Gears of War. The name itself holds a nostalgic tinge to it. It’s a game that, even if you didn’t play it during its hay day, is understood to have fundamentally manipulated the identity and understanding of Video Games. I remember a few months after the Xbox One was released people continually asked themselves “What’s going to be this consoles […]
Gears of War. The name itself holds a nostalgic tinge to it. It’s a game that, even if you didn’t play it during its hay day, is understood to have fundamentally manipulated the identity and understanding of Video Games. I remember a few months after the Xbox One was released people continually asked themselves “What’s going to be this consoles Gears of War?” People remember Gears because it changed our understanding of what games are capable of. It pushed the boundaries of the medium and influenced it for years to come.
I’m saying this as someone who didn’t play the original Gears during its release year. I played it much later, probably right before Gears of War 2 came out, and at the time I didn’t fully realize just what Gears had accomplished. While the gameplay was fun and the world design was fascinating, the pacing felt off. Almost as if I was being scurried along from set piece to set piece with no moment to stop and examine the world I have been haphazardly thrown into. Yet, it didn’t bother me since the game was so damn fun to play. It was unlike anything that had ever been released, especially on consoles. This isn’t to say that Gears invented the third-person shooter, that’s just not true, but what Gears did accomplish was a systematic deconstruction of the third-person genre. Epic implemented sweeping changes to the core gameplay loop which dramatically shifted the feel of the game. Cover mechanics, a concept that was essentially nonexistent prior to Gears, had been implemented and has now become a staple of modern third person shooters, even some first person games.
I recently went back and played Gears of War and, suffice it to say, the game still plays fantastically. I bought the Ultimate Edition on my PC because I hadn’t touched a Gears game in years and GoW 4 was right around the corner. I wanted to go back and reminisce on the good times I had with the series. While I encountered a few issues during the install (which I will save for a separate post), none of it stymied my anticipation for the game. After now completing the campaign I can wholeheartedly say that Gears of War is a masterpiece. A game that, from its opening moments, fixated me on the tumultuous and disastrous war between Humanity and the Locusts and entranced me with the interpersonal relationships of Delta Squad who are, for all intents and purposes, big lumbering meatheads.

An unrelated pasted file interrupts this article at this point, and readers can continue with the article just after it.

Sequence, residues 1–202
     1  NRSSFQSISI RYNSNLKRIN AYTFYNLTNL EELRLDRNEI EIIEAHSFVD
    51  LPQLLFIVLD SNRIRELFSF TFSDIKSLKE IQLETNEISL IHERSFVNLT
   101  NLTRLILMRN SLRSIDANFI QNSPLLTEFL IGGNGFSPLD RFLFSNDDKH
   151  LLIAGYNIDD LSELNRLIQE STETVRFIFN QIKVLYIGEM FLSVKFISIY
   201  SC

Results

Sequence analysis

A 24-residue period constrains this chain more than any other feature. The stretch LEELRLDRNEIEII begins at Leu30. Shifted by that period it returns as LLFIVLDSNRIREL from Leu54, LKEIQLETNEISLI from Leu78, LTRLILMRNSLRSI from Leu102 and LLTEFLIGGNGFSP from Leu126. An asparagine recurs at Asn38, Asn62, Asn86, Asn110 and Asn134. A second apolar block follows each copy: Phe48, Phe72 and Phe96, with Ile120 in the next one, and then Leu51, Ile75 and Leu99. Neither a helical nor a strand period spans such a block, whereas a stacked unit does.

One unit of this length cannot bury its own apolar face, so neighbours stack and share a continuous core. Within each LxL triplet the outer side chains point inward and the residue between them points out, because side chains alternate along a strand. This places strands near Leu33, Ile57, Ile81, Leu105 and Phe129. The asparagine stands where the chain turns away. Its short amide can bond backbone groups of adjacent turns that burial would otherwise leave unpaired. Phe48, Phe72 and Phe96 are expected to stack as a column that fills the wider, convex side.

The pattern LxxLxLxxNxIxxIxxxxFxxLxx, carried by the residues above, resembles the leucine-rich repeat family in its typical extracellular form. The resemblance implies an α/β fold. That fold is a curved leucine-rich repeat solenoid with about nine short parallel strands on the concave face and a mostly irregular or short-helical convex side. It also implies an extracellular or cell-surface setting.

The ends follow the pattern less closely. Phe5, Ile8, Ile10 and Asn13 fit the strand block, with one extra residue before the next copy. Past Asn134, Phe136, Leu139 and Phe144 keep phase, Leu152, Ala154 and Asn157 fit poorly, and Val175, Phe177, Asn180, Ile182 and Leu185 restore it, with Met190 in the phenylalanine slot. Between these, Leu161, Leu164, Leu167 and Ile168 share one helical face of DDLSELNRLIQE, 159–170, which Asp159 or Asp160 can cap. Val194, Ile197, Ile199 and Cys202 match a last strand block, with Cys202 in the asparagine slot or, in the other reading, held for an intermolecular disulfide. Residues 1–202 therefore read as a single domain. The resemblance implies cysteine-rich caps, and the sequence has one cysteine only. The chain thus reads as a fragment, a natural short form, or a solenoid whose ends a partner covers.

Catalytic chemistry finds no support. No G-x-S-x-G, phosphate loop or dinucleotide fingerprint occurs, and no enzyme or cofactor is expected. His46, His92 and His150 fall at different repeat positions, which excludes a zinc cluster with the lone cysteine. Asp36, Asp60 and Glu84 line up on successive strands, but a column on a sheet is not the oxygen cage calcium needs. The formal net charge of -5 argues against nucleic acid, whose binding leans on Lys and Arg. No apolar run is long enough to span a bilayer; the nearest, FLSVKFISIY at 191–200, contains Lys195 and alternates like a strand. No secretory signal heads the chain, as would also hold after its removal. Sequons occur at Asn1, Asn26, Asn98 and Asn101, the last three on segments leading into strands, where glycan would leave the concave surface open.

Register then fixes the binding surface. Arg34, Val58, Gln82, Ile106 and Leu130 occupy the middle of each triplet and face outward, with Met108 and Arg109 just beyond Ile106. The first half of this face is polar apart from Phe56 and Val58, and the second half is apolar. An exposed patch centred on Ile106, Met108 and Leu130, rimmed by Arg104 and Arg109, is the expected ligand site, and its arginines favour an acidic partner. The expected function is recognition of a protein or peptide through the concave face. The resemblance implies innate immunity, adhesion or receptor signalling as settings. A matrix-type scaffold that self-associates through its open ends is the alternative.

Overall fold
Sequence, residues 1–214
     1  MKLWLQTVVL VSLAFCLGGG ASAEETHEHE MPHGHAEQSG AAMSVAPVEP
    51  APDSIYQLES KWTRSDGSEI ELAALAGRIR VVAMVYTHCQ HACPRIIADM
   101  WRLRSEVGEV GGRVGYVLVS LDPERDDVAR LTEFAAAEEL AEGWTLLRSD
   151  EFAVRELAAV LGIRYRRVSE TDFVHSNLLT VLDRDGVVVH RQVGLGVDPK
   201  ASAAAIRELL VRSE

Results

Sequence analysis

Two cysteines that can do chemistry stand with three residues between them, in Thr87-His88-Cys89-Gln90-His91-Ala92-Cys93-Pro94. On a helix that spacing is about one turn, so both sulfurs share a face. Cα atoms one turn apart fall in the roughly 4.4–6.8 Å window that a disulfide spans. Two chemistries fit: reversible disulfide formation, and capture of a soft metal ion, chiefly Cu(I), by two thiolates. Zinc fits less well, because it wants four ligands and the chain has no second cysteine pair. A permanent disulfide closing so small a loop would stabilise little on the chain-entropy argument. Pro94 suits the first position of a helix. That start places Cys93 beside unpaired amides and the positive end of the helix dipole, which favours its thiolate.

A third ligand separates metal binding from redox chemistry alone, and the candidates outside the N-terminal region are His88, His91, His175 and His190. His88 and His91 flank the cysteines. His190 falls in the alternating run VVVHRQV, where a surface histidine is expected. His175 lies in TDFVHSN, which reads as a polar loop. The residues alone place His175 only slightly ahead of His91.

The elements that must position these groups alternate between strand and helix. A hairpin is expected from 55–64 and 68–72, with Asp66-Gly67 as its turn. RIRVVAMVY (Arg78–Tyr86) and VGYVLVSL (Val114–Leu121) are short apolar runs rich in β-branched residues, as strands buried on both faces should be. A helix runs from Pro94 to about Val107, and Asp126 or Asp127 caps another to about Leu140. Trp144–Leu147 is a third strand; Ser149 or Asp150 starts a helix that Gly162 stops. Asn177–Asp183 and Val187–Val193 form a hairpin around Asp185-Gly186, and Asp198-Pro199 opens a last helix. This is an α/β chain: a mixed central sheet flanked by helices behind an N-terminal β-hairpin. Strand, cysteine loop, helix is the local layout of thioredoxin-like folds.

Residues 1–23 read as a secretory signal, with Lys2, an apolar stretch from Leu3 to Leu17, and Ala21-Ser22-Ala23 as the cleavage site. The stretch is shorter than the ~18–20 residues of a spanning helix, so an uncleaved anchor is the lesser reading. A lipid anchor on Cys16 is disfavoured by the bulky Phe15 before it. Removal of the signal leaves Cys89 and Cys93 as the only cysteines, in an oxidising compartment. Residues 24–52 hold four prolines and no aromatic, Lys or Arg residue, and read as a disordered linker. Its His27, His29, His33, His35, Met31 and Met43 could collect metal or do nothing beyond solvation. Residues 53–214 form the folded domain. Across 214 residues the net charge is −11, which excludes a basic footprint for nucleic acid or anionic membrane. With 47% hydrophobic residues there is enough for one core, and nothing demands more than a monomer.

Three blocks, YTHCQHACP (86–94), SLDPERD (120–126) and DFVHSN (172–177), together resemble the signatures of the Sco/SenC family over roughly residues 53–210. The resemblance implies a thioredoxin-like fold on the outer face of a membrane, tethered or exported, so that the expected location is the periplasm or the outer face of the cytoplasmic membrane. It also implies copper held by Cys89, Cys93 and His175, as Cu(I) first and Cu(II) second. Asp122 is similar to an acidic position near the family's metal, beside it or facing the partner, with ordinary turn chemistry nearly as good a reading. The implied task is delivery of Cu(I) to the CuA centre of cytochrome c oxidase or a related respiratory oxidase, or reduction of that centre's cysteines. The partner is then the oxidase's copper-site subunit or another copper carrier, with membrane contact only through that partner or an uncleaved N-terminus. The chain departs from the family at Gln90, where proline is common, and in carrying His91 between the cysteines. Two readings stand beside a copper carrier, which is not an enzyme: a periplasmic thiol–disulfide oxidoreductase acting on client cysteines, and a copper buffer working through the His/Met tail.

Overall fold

Gears of War is known for its exceptional gameplay, which has now become a staple for the series, and the original Gears is a shining example of its mechanics. While the series became more competently playable as it progressed, I was still able to see why people were so transfixed by the gameplay. It’s so much damn fun. Shooting down hordes of Locusts with fun and stylish weapons was an absolute blast, and the chainsaw is still as gruesome as ever. The first Gears came out at time where hyper violence in the media was at an all-time high. As a society, the notion of grotesque ultra-violence was a seducing prospect and Gears capitalized on that to the fullest extent. Extreme dismemberment, bullets causing ligaments to seemingly explode from the body of your foes, and graphic, adrenaline filled violence was exactly what Gamers wanted and Gears was happy to deliver.
The story was equal amounts horrifying and absurd, an intoxicating combination that really grabbed me. I was getting into Gears around the same time that I began an obsession with Warhammer 40k. I devoured any information related to the universe because it was so fucking cool. The similarities between the two properties are undeniable and that was all the better for me, since that whole concept of perpetual, unstoppable war is interesting… for purely thematic and narrative reasons (I, and most rational human beings, would fucking hate to live in a constant state of war. That shit ain’t cool). I especially applaud the original Gears of War for keeping this air of mystery around the events and holding back the full scope of what’s really going on. Even with the full knowledge of the Gears trilogy, the first game was still able to really hook me. There were high stakes and legitimate consequence to actions. One thing I really appreciated during my playthrough was the relationship between Marcus and Dom. They just spout one-liners and crack jokes with each other but there is subtlety in their relationship. Dom holds an immense amount of respect for Marcus, and the game never outright tells you that, but through the interactions with Baird and Cole you can really relate to their authentic friendship. It’s beautiful and tragic, considering the events of Gears of War 3.
Gears of War, more than most games of this caliber, showed that you could tell an emotionally engaging, narratively driven shooter that play’s incredibly. It’s not all mindless shooting, for the most part. There are consequences, reactions, albeit at times melodramatic, yet still enjoyable and believable. Gears changed the game. It raised expectations for Gaming’s capabilities and changed the third-person shooter genre. Some people would argue its effects were for the worse, I’d tell those people they’re fucking crazy.